Cooler weather for fire-struck Canadian city, after more evacuations
By Rod Nickel
ANZAC, Alberta May 5 (Reuters) - Cooler weather and possible rain forecast for the Canadian city overwhelmed by wildfire offered hope on Thursday that controlling the blaze could become easier, after worsening conditions forced new evacuations south of town.
Late on Wednesday, flames fanned south from Fort McMurray, the main city in Canada's oil sands region. Officials issued mandatory evacuation orders for the Anzac, Gregoire Lake Estates and Fort McMurray First Nation communities, which are located about 50 km (31 miles) south of the battered city.
Officials on the scene were forced to evacuate their make-shift emergency operations center for the second time in the span of less than a day.
Major oil sands facilities were not in the path of the flames, but companies' efforts to help employees and evacuees and protect pipelines hit production and helped boost the price of crude.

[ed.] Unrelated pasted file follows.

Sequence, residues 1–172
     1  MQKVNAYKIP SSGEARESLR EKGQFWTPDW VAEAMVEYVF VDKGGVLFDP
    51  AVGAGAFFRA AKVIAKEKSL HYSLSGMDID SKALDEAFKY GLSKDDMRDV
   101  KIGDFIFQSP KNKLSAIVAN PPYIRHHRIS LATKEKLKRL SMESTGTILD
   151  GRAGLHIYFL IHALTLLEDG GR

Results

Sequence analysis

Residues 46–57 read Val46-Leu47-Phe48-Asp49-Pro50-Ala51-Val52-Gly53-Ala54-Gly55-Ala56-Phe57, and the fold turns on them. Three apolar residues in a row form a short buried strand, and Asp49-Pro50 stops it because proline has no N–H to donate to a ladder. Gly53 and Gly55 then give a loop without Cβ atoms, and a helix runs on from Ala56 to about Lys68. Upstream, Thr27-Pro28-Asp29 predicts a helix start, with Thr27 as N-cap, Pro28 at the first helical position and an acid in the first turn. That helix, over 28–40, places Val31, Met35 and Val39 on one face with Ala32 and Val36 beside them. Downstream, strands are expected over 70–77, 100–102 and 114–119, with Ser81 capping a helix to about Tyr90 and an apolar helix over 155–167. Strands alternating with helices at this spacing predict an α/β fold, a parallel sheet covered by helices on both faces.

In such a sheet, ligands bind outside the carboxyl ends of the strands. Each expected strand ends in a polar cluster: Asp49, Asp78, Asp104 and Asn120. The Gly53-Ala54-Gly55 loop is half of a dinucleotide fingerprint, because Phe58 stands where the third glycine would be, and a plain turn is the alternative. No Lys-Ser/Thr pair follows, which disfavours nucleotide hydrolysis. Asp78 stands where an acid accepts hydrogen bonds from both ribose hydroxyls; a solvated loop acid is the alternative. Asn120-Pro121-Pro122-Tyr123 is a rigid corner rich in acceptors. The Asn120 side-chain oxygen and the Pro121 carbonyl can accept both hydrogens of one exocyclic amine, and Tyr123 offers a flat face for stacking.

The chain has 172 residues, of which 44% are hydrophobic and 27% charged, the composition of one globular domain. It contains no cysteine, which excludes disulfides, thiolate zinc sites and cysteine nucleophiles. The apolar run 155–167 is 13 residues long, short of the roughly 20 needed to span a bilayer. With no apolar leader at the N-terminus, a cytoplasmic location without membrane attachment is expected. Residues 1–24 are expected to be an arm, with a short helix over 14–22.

Hot, dry, windy weather has made the massive wildfire all but impossible to control. The entire city of Fort McMurray was ordered to evacuate on Tuesday, and some 1,600 structures have been destroyed, Alberta Premier Rachel Notley said on Wednesday.
Temperatures hit 31 degrees Celsius (88°F) on Wednesday. But on Thursday morning, Environment Canada forecast a high of 19 degrees Celsius and a 30 percent chance of rain.
But a government forecast map of potential fire intensity still showed some areas around Fort McMurray at class 6, the highest possible level.
Authorities said there had been no known casualties from the blaze itself, but fatalities were reported in at least one vehicle crash along the evacuation route.
Thousands bunked down for the night on Wednesday in arenas, hockey rinks and oil work camps that were often short of fuel and food.
(Reporting by Ethan Lou and Allison Martell in Toronto; Editing by Lisa Von Ahn)
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